His work continues in this medium while also working as a freelance graphic designer, electric tattoo artist, photographer, videographer, and teacher, teaching art classes and workshops throughout the San Francisco Bay Area.
Henry Fey ( b. 1993 Los Angeles, Ca )
Henry Fey is an artist living and working in Los Angeles. Using painting as a tool, he draws from his surroundings and re-contextualizes images through abstraction.
The core of my practice stems from my interest in locating folk art’s place in a globalized world. I seek to create a multi-cultural dialogue that explores the consistencies of visual culture throughout time, beginning with ancient artisans and extending to contemporary artists. I was convinced from an early age growing up in Cuernavaca, Mexico that communities can be sustained through art making. Like the craftspeople who integrate life into the creation of ceramics and textiles—nothing less than a certain form of magic—I embrace the imperfections of the handmade—the organic forms and vibrant colors which have the power to remove the individual identity of the artist in favor of a more universal expression of “folk art.”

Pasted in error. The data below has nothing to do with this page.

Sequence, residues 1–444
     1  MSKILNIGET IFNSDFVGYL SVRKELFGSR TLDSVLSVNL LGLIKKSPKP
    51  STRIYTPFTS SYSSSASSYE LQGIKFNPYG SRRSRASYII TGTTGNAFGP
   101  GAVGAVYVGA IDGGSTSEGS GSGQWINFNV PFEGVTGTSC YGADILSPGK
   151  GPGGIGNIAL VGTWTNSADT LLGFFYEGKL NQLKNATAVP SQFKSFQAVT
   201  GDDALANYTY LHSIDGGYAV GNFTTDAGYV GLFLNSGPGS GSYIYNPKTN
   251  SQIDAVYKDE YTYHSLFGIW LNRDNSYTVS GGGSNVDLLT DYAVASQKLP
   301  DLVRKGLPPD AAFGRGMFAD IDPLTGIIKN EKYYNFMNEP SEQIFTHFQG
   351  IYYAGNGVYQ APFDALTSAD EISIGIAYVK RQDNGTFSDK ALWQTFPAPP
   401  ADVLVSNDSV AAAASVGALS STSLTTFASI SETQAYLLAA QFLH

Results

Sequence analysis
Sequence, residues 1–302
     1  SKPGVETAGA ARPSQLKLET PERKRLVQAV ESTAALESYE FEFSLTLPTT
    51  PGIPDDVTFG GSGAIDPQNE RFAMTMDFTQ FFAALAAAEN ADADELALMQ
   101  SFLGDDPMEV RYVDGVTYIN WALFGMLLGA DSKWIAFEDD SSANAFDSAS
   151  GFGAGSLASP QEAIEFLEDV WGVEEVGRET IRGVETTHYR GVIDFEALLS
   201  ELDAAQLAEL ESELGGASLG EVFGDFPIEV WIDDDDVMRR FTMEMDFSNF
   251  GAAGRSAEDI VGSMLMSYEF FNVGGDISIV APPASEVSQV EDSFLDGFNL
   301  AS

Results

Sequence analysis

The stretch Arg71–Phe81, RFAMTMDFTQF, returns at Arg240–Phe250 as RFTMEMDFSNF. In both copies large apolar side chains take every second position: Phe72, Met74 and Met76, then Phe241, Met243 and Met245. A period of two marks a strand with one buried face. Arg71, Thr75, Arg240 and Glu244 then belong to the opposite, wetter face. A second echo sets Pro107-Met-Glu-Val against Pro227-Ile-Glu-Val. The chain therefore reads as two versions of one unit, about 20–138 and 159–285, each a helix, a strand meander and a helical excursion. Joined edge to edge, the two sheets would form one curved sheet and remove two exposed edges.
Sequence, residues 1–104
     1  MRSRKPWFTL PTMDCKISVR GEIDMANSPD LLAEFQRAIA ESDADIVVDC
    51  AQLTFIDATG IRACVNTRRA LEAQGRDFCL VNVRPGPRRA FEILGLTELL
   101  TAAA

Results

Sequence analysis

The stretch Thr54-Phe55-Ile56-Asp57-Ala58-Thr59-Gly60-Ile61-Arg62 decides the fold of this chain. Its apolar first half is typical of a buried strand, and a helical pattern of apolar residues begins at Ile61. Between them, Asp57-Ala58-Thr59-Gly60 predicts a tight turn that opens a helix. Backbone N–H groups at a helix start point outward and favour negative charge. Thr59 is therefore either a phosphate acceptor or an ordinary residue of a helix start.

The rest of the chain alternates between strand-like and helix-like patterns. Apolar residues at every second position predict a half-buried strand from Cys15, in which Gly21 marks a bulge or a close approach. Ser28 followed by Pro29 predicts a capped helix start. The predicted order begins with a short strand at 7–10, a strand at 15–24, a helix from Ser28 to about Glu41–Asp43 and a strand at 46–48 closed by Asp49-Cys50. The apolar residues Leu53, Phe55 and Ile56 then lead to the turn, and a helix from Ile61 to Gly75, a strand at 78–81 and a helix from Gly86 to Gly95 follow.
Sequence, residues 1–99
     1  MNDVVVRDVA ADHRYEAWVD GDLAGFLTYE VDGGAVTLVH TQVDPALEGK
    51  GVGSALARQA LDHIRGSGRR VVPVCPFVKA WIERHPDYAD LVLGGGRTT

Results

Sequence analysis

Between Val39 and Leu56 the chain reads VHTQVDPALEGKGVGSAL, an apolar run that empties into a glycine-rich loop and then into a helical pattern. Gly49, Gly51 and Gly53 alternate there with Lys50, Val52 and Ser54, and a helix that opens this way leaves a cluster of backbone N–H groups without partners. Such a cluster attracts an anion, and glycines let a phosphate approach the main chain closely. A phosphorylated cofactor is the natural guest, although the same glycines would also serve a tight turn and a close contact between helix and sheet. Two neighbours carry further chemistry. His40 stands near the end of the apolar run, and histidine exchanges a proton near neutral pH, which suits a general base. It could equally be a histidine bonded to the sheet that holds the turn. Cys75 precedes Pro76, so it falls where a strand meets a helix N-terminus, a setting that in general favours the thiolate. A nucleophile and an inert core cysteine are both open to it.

By uniting the imagery of traditional Mexican folk art with the vernacular of urban contemporary art, I’m trafficking in the nuanced relationship between artistic tradition and global influences, in the process finding the relationship between community and culture. The lineage of west coast mural work looms large in my practice: art functioning as a symbol of resistance transforming overlooked spaces into something beautiful—a daily revolution in the form of creating.